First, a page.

How to Spray Paint Wood

How to Spray Paint Wood – Pros and Cons of Spray-Painting Wood

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Back in the day, painting by hand was the only choice we had. Are you painting an entire house? Get out that brush and roller. Oh, you’re painting 20 chairs and only have a day to get it all done? Better limber up before you get carpal tunnel in those wrists! These days we don’t have to labor for hours on end with a brush and roller setup that has become worn out after being dragged against various surfaces for hours on end. Why? Well, we have the option of spray painting pretty much anything our hearts desire, saving loads of time, and money, and paint along the way. What is the best way to spray paint wood though? Let’s have a look at how to spray paint wood, why it’s better than using a brush and roller, and how to perfect your spray-painting finish.

 

 

What Type of Spray Paint Works Best on Wood?

Before we get into how to spray paint wood let’s have a look at what type of paint is best suited for spray painting a wooden surface. There are various types of spray paint for wood, all of which offer different textures, and finishes, and can even range considerably in color options. The question is then, which are the best types of spray paint for wood?

Here are some of the best paint types for spray painting a wooden workpiece.

Paint for Spray Painting Wood

 

Oil-Based Paint

Oil-based paint has been around for a really long time, mainly because it’s the easiest to synthesize, but also because it interacts well with wooden surfaces. Oil-based paint consists of pigments (which give the paint its color) suspended in a drying oil, which are typically a derivative of tung or linseed oil. These paints are long-lasting and produce a vibrant color when applied to wooden surfaces.

Tung Oil Base in Paint for Wood

This paint has a great track record with wood, being used as far back as the 7th century. It works so well because it seeps into the wood fibers, bonding with the wood on a molecular level and offering a level of protection and durability that was unmatched for a really long time.

The rich color provided by oil-based paints is a result of their oil base, which provides a sheen finish when applied to wooden surfaces.

Oil-Based Spray Gun Paint

Oil-based paint can be applied using the conventional brush and roller method, or it can be applied using a paint sprayer. Due to its viscosity oil paint tends not to gunk up sprayers, instead lubricating the various recesses through which the paint passes, allowing for a smooth application process.

Oil-based paints do contain VOCs (volatile organic compounds) though, so it’s best to use them in well-ventilated environments with the appropriate personal protective gear.

 

Acrylic-Based Paint

Acrylic paint is largely considered to be the long-awaited replacement for oil-based paints. Acrylic paint is essentially pigments that have been suspended in acrylic polymers and various plasticizers, much the same way oil-based paints have pigments suspended in drying oils. The consistency of acrylic paints is a bit less runny compared to their oil-based counterparts, but this can easily be altered if need be.

Acrylic Spray Paint for Wood

Acrylic paint can be used on pretty much any material out there if the right primer has been used and if the surface has been prepared correctly. It works particularly well on wood too, and even though it doesn’t bond with wood fibers the same way oil-based paints do, it does a great job of forming a durable surface coating that is capable of protecting the wood while improving its look.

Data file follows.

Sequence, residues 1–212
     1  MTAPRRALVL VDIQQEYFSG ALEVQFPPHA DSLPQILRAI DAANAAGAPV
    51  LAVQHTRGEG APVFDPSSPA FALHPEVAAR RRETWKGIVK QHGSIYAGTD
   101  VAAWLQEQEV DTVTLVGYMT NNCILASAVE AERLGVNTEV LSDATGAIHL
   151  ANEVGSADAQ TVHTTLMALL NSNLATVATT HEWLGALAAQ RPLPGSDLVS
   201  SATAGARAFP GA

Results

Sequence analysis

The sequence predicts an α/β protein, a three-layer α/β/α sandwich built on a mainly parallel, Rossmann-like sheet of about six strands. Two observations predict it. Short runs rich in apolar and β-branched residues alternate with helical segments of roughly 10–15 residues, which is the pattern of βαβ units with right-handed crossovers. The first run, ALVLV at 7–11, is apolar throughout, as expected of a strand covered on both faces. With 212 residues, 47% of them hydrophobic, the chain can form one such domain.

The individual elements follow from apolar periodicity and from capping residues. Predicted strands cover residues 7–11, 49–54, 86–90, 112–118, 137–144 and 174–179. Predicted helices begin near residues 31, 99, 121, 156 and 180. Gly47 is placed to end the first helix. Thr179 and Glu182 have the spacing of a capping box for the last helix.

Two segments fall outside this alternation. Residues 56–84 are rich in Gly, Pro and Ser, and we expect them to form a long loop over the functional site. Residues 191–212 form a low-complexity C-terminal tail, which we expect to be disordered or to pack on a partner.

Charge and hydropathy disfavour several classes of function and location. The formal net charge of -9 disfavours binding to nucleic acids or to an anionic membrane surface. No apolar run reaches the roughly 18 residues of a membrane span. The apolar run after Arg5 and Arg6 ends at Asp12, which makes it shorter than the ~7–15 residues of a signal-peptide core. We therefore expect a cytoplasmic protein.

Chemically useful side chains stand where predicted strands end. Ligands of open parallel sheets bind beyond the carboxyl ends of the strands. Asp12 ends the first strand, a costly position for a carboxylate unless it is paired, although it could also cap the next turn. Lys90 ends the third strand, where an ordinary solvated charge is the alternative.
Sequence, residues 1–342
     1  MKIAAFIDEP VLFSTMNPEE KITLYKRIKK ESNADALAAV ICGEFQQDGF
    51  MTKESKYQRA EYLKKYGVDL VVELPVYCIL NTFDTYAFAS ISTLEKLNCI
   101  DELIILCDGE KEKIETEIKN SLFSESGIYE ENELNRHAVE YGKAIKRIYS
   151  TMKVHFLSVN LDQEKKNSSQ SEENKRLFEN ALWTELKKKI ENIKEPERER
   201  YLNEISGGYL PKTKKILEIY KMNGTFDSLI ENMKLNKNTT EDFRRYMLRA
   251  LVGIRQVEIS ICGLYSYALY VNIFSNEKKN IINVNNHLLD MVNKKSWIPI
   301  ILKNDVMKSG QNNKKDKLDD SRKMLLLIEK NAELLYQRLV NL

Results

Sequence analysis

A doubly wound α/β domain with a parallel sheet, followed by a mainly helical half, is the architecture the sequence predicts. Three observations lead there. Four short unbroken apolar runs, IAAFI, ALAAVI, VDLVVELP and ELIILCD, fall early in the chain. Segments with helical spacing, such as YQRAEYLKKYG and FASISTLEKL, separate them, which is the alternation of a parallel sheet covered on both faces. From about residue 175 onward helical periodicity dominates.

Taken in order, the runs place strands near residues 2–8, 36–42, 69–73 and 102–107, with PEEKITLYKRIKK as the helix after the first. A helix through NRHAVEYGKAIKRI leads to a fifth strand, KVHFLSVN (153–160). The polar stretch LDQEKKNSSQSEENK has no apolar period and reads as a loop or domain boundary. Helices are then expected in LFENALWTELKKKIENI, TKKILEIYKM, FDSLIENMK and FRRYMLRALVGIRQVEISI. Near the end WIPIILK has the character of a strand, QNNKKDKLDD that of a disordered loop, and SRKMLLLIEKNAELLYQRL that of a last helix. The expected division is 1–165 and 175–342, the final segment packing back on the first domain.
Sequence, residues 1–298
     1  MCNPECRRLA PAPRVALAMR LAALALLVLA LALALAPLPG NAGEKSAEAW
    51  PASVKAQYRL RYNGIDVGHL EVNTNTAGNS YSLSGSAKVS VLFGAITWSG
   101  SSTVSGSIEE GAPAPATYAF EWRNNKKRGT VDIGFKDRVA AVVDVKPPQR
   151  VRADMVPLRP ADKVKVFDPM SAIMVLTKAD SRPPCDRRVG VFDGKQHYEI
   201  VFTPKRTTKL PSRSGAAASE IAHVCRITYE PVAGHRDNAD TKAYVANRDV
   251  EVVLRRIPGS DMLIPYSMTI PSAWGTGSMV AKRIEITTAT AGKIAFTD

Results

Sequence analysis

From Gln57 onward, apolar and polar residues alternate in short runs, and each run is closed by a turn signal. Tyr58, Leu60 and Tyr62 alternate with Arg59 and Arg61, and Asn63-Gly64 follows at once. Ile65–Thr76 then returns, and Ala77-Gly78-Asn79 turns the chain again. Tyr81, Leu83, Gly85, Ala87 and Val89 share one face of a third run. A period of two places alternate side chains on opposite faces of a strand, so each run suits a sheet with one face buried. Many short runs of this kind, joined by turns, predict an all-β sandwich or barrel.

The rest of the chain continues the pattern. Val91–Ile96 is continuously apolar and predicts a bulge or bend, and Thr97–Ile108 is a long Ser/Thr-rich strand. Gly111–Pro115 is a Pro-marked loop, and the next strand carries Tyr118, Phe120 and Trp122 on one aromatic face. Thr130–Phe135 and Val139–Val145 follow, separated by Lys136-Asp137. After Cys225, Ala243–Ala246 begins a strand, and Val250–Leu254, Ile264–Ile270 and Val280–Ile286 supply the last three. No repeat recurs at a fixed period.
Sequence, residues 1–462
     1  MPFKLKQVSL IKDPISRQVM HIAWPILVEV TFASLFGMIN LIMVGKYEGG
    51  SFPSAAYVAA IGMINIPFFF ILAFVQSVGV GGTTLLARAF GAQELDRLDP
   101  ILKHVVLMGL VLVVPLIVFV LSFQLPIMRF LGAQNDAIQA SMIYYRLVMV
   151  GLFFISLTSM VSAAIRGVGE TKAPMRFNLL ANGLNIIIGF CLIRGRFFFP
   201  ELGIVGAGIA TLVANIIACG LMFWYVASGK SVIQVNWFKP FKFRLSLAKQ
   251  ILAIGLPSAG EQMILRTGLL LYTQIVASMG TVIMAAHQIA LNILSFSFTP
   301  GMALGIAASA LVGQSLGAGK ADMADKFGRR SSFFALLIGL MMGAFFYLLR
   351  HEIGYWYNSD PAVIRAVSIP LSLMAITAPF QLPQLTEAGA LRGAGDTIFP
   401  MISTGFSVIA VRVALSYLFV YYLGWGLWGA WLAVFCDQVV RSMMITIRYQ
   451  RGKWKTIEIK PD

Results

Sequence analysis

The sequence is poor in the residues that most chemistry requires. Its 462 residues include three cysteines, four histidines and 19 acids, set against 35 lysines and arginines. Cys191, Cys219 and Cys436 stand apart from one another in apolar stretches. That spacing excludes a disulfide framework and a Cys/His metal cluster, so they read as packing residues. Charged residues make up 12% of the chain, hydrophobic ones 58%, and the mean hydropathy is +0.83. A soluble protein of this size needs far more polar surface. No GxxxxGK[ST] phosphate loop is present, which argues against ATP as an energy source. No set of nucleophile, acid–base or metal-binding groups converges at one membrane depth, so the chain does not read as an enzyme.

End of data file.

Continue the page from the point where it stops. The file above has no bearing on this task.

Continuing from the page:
While oil-based paints provide a sheen finish with a rich color palette, acrylic colors can look slightly muted by comparison.

However, acrylic paints often come in a larger selection of colors and tend to be easier to clean up compared to oil-based ones. Acrylic paints also contain far fewer VOCs and are the paint of choice for most modern wood-crafting projects.

Acrylic Spray Paint on Wood

 

 

Is It Better to Spray Paint Wood or Paint It by Hand?

Can you spray paint wood better than painting it by hand? Can you paint wood better by hand than by spray painting? Well, this depends on your skill level and level of comfort with each medium, but each has its respective advantages and disadvantages.

This being said, let’s have a look at some of the pros and cons of both spray-painting wood and using the conventional brush and roller method.

Painting Wood With Sprayer or Brush

 

Spray Painting Wood

If you’ve never spray painted before, then you might be a bit hesitant to try it out for the first time. There’s no need to be nervous though, as the learning curve involved in spray painting a wooden workpiece isn’t steep at all, plus you’ll save a ton of time and elbow grease compared to using a brush and roller. On the other hand, it takes a lot more equipment to spray paint something compared to using a brush and roller.

Here are some other pros and cons associated with spray painting.

PROS
  • Great for smaller workpieces
  • Highly durable finish
  • No visible brush strokes
  • Highly efficient coverage and use of paint
  • Thinner coats dry much quicker
  • Makes it easier to paint tricky areas of a workpiece
  • Can be used to easily paint irregularly shaped workpieces
  • Minimizes waste and ensures that mess is easier to clean
  • Can be used with self-priming paint (no sanding needed!)
CONS
  • Using aerosolized paints requires proper ventilation and personal protective gear
  • You could encounter clogged nozzles and faulty lines
  • Full-sized sprayers require a power source, compressed air, or a turbine to operate
  • Adequate space is needed for equipment
  • Paint sprayers and their attachments can be expensive
  • Sprayers can make loads of noise, especially compressor-powered ones

 

Painting Wood by Hand (Using a Brush and/or Roller)

Painting wood by hand has never gone out of style, even after the advent of the paint sprayer and aerosolized paint cans. This is because there are some applications where a sprayer cannot be used and painting something by allowing for greater attention to detail. Painting something manually is also less expensive, far less noisy, and doesn’t require you to store any additional equipment.